Federal grants from the National Institute on Aging and the American Federation for Aging Research helped pay for researchers at the University of California, San Francisco, to create a “mortality index” designed to aid doctors in decision-making about “preventive intervention” for older patients.
The index provides doctors with 12 measures to assign points to an elderly patient. The lower the patient’s total points, the better his or her odds of survival. The highest score, 26 points, represents a 95-percent chance the patient will die within 10 years.
The index assigns all male subjects 2 points automatically because men on the average have a lower life expectancy than women, the study noted. Men and women aged between 60 and 64 get 1 point; ages 70 and 74 get 3 points, while 85 or over get 7 points.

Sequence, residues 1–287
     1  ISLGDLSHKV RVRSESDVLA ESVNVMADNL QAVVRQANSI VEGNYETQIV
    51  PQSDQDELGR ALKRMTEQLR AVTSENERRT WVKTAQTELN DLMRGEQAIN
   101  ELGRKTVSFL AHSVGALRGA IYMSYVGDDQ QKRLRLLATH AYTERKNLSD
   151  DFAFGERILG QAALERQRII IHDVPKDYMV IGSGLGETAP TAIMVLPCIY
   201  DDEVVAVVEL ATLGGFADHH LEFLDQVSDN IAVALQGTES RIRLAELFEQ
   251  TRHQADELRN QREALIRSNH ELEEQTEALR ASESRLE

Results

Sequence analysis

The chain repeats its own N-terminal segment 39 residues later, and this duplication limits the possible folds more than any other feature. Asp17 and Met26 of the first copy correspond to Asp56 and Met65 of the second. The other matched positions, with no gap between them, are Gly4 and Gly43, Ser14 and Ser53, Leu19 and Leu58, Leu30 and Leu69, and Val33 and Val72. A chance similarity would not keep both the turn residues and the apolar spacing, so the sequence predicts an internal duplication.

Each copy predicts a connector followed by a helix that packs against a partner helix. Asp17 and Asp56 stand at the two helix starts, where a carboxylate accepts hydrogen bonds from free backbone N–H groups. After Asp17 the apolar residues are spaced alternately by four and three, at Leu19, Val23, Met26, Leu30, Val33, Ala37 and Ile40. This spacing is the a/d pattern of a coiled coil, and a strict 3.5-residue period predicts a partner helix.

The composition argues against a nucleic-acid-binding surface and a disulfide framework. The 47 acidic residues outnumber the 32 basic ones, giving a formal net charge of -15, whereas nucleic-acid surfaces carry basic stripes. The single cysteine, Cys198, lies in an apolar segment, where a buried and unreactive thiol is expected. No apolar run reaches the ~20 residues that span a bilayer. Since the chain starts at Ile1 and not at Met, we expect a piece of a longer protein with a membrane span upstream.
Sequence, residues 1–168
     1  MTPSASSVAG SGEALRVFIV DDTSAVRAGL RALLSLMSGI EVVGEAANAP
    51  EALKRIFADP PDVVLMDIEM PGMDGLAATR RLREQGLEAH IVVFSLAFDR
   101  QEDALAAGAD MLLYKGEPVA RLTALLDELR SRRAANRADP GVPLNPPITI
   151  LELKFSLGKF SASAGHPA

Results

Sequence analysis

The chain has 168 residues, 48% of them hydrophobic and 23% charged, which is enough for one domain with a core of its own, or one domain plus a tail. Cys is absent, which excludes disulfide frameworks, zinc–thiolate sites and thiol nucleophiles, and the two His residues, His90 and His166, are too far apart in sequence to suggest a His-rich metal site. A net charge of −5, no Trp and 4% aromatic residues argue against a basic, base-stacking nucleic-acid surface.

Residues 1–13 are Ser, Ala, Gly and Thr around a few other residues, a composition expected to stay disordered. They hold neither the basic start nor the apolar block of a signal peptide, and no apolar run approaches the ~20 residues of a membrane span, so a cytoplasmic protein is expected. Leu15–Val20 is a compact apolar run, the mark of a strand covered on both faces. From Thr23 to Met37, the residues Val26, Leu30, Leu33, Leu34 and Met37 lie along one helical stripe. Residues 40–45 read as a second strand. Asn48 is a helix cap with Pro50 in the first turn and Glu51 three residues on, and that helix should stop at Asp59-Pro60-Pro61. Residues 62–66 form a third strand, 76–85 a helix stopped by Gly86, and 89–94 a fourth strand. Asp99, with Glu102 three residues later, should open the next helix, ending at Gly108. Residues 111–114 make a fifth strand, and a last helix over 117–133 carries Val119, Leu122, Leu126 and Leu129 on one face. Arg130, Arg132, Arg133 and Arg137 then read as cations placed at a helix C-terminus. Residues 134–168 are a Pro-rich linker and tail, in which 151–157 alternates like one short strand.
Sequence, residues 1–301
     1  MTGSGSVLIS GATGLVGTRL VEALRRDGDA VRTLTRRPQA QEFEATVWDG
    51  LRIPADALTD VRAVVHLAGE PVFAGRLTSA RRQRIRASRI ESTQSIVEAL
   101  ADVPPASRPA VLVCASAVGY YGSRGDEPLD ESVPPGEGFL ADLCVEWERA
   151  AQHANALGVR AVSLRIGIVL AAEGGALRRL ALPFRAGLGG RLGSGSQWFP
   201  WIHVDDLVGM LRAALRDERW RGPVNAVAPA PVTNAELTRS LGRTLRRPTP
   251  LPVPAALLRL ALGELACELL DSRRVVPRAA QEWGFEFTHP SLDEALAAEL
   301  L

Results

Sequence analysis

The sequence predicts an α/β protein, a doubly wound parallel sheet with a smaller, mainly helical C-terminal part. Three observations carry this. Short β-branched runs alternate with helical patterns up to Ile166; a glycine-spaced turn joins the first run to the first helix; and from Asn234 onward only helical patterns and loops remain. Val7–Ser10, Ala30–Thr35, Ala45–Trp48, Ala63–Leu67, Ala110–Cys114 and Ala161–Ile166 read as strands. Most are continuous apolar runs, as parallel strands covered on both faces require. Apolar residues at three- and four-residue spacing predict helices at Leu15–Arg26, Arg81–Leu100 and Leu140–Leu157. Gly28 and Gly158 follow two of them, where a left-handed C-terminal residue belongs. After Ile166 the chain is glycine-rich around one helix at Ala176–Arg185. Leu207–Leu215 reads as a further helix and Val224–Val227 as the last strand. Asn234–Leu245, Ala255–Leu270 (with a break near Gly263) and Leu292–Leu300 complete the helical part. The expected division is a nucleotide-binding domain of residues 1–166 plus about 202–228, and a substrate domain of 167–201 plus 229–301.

Two points are further assigned in the following cases: Patients with a current or a previous cancer diagnosis, excluding minor skin cancers; lung disease impacting on physical activity or requiring oxygen; heart failure; smoking; difficulty bathing; difficulty managing money because of health or memory problems; difficulty walking several blocks. One point is assigned to those with diabetes or high blood sugar; difficulty pushing a large object; being thin or of abnormal weight.
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